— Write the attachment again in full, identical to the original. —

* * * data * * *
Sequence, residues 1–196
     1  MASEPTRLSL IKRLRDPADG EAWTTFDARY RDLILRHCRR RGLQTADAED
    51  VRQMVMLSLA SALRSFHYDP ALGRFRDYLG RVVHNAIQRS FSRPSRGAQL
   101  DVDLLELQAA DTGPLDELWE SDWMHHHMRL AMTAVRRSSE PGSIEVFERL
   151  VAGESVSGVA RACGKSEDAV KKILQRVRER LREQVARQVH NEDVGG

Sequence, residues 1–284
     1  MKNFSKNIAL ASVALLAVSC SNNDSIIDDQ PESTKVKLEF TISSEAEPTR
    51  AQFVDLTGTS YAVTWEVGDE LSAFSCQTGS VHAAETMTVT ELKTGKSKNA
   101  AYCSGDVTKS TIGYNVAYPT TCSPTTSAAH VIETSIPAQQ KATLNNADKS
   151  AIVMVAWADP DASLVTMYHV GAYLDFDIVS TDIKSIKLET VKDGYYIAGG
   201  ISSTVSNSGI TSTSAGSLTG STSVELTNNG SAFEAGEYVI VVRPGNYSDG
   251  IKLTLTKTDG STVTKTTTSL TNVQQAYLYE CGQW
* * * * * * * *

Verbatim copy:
Sequence, residues 1–196
     1  MASEPTRLSL IKRLRDPADG EAWTTFDARY RDLILRHCRR RGLQTADAED
    51  VRQMVMLSLA SALRSFHYDP ALGRFRDYLG RVVHNAIQRS FSRPSRGAQL
   101  DVDLLELQAA DTGPLDELWE SDWMHHHMRL AMTAVRRSSE PGSIEVFERL
   151  VAGESVSGVA RACGKSEDAV KKILQRVRER LREQVARQVH NEDVGG

Sequence, residues 1–284
     1  MKNFSKNIAL ASVALLAVSC SNNDSIIDDQ PESTKVKLEF TISSEAEPTR
    51  AQFVDLTGTS YAVTWEVGDE LSAFSCQTGS VHAAETMTVT ELKTGKSKNA
   101  AYCSGDVTKS TIGYNVAYPT TCSPTTSAAH VIETSIPAQQ KATLNNADKS
   151  AIVMVAWADP DASLVTMYHV GAYLDFDIVS TDIKSIKLET VKDGYYIAGG
   201  ISSTVSNSGI TSTSAGSLTG STSVELTNNG SAFEAGEYVI VVRPGNYSDG
   251  IKLTLTKTDG STVTKTTTSL TNVQQAYLYE CGQW